I felt that as people become more aware, as technology gets more mature, partners more experienced and with more examples of implementation as references, adoption would be so much easier and faster. I may have been over optimistic but I do admit having been taken by surprise by the question. Later as I delved on the subject I felt that he question was very relevant. With so much being talked about the potential of this technology, it is but necessary that this technology or approach delivers its promise sooner than later.
March 26, 2012 9:18 AM
Posted by: S R Balasubramanian
CIO and meetings
, corporate hierarchy
, performance review
, the boss on the call
In the corporate sector, we cannot do without meetings. We have small group-meetings, departmental meetings, project meetings, review meetings, steering committee meetings, HR initiated meetings, task force meetings, budget meetings, strategy meetings, suppliers meeting, customers meeting, quality circle meetings, management committee meetings and so on. On a day when there is no meeting there is a feeling of emptiness, a feeling that the day has been wasted. Whenever my wife would call me I would tell her that I am busy in meeting and will call back later. That prompted her to enquire that if I was in meetings all day, when do I really work.
So friends, here we are in a new world of corporate culture where meeting is the mainstay of corporate work ethos. Corporate pundits say that meetings are the way to demonstrate participation, sharing, collective responsibility, brainstorming, and widespread acceptability of decisions. They say meetings give a respite from the drudgery of work, draw away executives from their work bench for a while, make them socially acceptable, and also make them accountable to others.
Some companies go a step beyond by arranging such meetings in 5-star hotels or other exotic locations in the name of focused undisturbed attention and as a break from the routine. People enjoy such outings and obviously vote in favor of more such outings. Managements are happy that employees are busy and working together to achieve company’s goals. The human resources departments often facilitate many of these meetings and give an impression of being people-centric and of promoting a congenial work atmosphere.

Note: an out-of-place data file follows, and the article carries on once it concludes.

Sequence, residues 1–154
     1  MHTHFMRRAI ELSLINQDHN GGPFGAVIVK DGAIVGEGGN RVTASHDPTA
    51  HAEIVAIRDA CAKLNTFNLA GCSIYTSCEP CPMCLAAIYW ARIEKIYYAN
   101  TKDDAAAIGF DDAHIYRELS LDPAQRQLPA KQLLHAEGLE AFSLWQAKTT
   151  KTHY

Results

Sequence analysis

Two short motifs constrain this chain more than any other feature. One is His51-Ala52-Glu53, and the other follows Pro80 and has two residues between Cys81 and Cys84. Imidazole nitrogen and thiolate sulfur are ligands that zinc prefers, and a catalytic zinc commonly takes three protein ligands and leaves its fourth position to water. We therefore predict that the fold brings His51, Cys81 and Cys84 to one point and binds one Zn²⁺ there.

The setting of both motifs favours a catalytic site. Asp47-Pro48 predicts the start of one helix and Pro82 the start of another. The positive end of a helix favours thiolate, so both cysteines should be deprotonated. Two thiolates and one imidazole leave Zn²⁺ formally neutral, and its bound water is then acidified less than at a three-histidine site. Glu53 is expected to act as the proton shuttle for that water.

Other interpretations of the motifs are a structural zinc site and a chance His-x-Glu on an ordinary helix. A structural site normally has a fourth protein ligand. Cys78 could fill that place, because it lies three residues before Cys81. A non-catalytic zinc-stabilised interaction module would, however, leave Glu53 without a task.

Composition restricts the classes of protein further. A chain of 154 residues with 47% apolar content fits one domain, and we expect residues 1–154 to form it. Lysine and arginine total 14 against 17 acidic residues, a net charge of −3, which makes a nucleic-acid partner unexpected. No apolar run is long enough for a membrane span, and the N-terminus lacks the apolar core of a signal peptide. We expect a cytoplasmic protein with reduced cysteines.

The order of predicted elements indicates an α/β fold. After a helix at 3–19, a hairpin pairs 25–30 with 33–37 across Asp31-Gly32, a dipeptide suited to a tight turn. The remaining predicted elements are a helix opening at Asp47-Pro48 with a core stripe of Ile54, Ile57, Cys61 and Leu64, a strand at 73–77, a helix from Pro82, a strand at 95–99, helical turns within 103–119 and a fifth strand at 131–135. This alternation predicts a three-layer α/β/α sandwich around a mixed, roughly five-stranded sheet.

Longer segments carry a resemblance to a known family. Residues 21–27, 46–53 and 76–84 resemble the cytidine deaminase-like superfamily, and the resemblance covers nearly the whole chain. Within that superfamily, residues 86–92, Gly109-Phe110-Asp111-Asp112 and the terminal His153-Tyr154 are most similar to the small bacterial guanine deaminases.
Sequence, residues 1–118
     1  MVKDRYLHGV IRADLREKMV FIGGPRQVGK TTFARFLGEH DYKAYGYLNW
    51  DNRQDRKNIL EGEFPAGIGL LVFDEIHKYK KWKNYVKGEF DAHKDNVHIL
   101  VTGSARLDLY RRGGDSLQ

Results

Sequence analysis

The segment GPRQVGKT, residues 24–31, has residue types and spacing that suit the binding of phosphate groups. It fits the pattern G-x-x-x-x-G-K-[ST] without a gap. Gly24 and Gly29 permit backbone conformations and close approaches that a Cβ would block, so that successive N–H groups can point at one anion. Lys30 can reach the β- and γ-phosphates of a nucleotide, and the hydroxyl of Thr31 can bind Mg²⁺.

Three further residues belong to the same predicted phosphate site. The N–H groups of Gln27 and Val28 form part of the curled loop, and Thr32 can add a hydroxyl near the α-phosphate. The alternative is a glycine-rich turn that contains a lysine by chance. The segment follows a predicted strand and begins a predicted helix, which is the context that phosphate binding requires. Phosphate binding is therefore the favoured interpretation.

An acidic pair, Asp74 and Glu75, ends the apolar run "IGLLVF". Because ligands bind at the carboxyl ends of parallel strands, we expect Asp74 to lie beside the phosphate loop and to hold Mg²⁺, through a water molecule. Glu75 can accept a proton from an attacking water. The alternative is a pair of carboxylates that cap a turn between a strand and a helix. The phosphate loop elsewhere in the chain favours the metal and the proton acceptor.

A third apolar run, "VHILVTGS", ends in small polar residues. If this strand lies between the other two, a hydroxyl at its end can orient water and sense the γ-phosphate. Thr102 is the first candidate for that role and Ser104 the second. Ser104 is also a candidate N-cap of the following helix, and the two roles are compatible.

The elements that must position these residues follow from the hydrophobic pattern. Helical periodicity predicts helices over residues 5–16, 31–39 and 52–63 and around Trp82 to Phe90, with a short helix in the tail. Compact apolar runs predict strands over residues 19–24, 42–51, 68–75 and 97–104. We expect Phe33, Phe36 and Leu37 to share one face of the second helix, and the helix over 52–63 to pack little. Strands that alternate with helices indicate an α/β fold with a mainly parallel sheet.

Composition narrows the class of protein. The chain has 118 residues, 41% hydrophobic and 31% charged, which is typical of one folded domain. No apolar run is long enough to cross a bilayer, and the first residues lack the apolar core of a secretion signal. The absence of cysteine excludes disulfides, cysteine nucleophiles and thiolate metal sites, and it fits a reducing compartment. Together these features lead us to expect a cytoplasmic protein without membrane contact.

The larger the time that one spends on meeting, greater is his acceptability and gives him a better chance of scaling up the corporate ladder. In fact, the more senior you are in the hierarchy, greater is the demand for your time and advice and so are expected to be benevolent enough to lend your valuable time and expertise to the group.
Types of meetings
During my career I have come across meetings of various types, some of these being:
Daily meetings: These are short review meetings held religiously every morning or the afternoon to have a daily account of happening of the previous day or plans for the day. These include the production meetings, quality review meetings, or the sales review meetings. These are usually half-an-hour to one hour in duration and may or may not involve maintaining the minutes of meetings.
Meetings called impromptu: It is usually the boss who decides to call for a meeting with short notice either to announce a decision, to review bad performance, to review customer complaints, etc. It is the boss’ call and usually the subordinates have to obey and leave their urgent work aside.
Project review meetings: These are useful when called with due seriousness and to a set agenda. If properly done, a tight control could be exercised on the projects and such assignments may not see delay or disaster.
Formal meetings: These are usually the ones which have a formal agenda and gives due notice to participants to make themselves free for the occasion. A senior person generally chairs the meetings and these are long duration meetings extending to half a day or a full day. Speakers are identified who make presentations and the proceedings and decisions are formally recorded as minutes of meeting.
Monthly review meetings: These meetings give an impression of a structured management process and form a part of the executive calendar. These are monthly sales, finance, production, supply chain or management committee meets and some of these are chaired by functional heads or the CEO. Formal minutes are drawn and circulated to the participants.